SAMUEL HUNTINGTON, Ct. Governor, Decl. Signer + Continental Congress President


SAMUEL HUNTINGTON, Ct. Governor, Decl. Signer + Continental Congress President

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SAMUEL HUNTINGTON, Ct. Governor, Decl. Signer + Continental Congress President:
$1450.00


SAMUEL HUNTINGTON, Ct. Governor, Decl. Signer + Continental Congress President 1789 Signer of the Declaration of Independence & Prior President of the Continental Congress, Connecticut Governor Samuel Huntington Signed Military Appointment
SAMUEL HUNTINGTON (1731-1796). Signer of the Declaration of Independence, President of the Continental Congress (1779-1781), First President of the United States under the Articles of Confederation in Congress Assembled, 18th Governor of the State of Connecticut.
October 28, 1789-Dated, Partly-Printed Document Signed, “Saml. Huntington” as “Captain-General and Commander in Chief over the State of Connecticut,” on a Military Appointment measuring about 7.5” x 12.5,” 1 page, New Haven, CT., Extremely Fine. George Wyllys (1710-1796) Cosigns as Secretary. Boldly printed and vivid deep black on clean period laid period paper with overall exceptional eye appeal. Fold edge splits reinforced on the blank reverse with archival tape and along the vertical centerfold, repaired with a replacement full paper seal on period paper, that appears an exact copy of its original. Much original press text embossing remains within the paper attesting to its originality. Here, Governor Samuel Huntington appoints Amaziah Humphry as “Lieutenant of the first Company or Trainband in the 18th Regiment of the Connecticut Militia”. His house is still standing, located in Simsbury, Connecticut. Samuel Huntington’s signature is bold and large, measuring 3” long. Exceptional in appearance and is excellent for display.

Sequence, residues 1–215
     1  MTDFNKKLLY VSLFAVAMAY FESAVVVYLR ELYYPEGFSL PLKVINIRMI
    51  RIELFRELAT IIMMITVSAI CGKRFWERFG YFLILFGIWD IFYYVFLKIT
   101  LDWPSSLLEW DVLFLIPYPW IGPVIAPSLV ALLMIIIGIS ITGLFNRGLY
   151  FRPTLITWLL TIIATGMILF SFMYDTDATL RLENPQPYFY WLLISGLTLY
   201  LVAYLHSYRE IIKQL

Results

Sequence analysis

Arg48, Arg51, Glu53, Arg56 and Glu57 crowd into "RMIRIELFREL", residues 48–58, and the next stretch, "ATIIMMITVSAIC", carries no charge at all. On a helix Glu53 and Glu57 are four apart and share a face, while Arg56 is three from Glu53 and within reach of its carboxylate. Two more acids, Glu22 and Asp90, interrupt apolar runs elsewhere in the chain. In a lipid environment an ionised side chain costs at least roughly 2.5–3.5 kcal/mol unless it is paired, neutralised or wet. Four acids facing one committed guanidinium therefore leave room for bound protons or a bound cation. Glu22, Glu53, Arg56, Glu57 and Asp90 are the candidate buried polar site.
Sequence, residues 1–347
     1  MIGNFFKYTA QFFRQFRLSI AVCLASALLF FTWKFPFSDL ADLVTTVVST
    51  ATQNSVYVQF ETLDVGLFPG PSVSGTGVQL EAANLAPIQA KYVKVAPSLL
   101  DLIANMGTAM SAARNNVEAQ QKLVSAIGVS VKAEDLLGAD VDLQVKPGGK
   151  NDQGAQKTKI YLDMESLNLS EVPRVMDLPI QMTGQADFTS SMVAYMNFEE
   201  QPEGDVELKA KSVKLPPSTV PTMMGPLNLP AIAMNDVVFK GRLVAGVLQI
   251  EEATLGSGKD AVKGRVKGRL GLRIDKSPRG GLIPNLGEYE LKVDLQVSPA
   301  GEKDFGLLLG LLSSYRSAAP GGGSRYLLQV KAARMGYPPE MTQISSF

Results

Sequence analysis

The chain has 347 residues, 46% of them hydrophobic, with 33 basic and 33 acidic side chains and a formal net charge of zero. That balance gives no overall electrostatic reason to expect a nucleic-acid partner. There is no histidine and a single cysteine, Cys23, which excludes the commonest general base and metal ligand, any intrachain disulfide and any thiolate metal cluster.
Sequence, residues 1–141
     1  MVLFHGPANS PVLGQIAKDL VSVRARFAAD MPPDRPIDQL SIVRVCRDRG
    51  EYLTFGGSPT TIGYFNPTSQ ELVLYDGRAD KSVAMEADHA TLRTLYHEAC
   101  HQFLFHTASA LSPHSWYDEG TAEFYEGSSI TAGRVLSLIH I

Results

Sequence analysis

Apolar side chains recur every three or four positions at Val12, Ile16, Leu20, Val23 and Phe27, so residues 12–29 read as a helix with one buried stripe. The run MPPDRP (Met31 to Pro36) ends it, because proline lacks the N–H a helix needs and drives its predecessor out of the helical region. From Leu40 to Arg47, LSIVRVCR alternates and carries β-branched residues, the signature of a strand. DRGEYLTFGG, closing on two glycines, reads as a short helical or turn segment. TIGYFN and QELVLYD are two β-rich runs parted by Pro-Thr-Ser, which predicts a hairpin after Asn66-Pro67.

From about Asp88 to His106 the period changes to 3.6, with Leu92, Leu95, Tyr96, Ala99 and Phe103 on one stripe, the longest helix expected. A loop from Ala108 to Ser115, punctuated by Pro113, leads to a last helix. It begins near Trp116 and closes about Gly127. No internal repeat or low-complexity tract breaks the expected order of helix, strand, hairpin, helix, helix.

Samuel Huntington (July 16, 1731 - January 5, 1796) was a jurist, statesman, and Patriot in the American Revolution from Connecticut. As a delegate to the Continental Congress, he signed the Declaration of Independence and the Articles of Confederation. He also served as President of the Continental Congress from 1779 to 1781, President of the United States in Congress Assembled in 1781, Chief Justice of the Connecticut Supreme Court from 1784 to 1785, and the 18th Governor of Connecticut from 1786 until his death.George Wyllys (1710-1796). (Attended Yale 1729) was son of Hezekiah Wyllys and Elizabeth Hobart of Hartford, Connecticut. Wyllys held several public offices - Town clerk of Hartford (1732-1796), Officer of the militia, including Secretary of the Colony of Connecticut and of the State of Connecticut (1735 to 1795). In this latter position, Wyllys served on numerous committees on Indian affairs, including those associated with the Mohegan Case.“Trainbands” were companies of militia in England or the Americas, first organized in the 16th century and dissolved in the 18th. The term was used after this time to describe the London militia. In the early American colonies the trainband was the most basic tactical unit. However, no standard company size existed and variations were wide.As population grew these companies were organized into regiments to allow better management. But trainbands were not combat units. Generally, upon reaching a certain age a man was required to join the local trainband in which he received periodic training for the next couple of decades. In wartime, military forces were formed by selecting men from trainbands on an individual basis and then forming them into a fighting unit.Amaziah Humphry’s original House is located in the Simsbury Village of East Weatogue, a small farming community on the Eastern edge of the town, situated right at the base of the Metacomet Ridge. Compared to some of the other Colonial era houses in the village, this house was fairly modest, and was built around 1775 for Amaziah Humphrey, who was only about 21 years old at the time.A year earlier, he had married his wife, Elizabeth Harris, and they moved into this house following its completion. However, only a year later Amaziah enlisted in the Continental Army, serving as a private in New York during the American Revolution.From there, the historical records of Amaziah and this property seem a bit spotty. His name does appear in the Hartford Courant several times, though. In 1805, an “Amaz. Humphrey” was listed as one of Simsbury’s two representatives in the state legislature for that year, and several years earlier a 1797 classified ad listed him as a trustee for a school here in Simsbury. This advertisement reads: “The subscribers respectfully inform the public that the school is now open in the schoolhouse lately erected in the first society in this town. Scholars may be admitted into said school for instruction in the learned languages, at 18 per quarter; for Geography, English Grammar or Arithmetic at 14; and for writing and reading at 12; Also convenient boarding upon reasonable terms.”Amaziah and Elizabeth had at least seven children, and they appear to have lived here in this house for the rest of their lives, until their deaths in 1822 and 1838, respectively. On his gravestone, located across the river in Simsbury Cemetery, he is identified as “Capt Amaziah Humphrey.” He does not appear to have held this rank during the American Revolution, so it was probably a rank that he earned in the militia at some point after the war.This house was later inherited by Elijah Case, who was the son of Amaziah and Elizabeth’s daughter Caroline and her husband, Philander Case. Born in 1812, he became a shoemaker, and married his wife Paulina in 1849. The 1860 census shows them living here in this house with their two children, Henry and Flora, and at the time his real estate was valued at $1,200, plus an additional $1,000 for his personal estate. Two decades later, in the 1880 census, he was listed as a farmer rather than a shoemaker, and he died five years later, at the age of 71.In the absence of standardized street numbers in historical records, it is difficult to trace the exact ownership of this house. However, it appears to have remained in the Case family until at least the late 20th century. When the first photo was taken around the late 1930s as part of the WPA Architectural Survey, the owner was listed as the “L. Case Estate,” and as late as the 1990s the property was still owned by the Case family, who operated Case’s Flowers here.Today, the greenhouses, sheds, and other outbuildings that had been part of Case’s Flowers are now gone, but the house itself has hardly changed since the first photo was taken around 80 years ago. Along with the rest of the surrounding area, the house is now part of the East Weatogue Historic District, which was added to the National Register of Historic Places in 1990.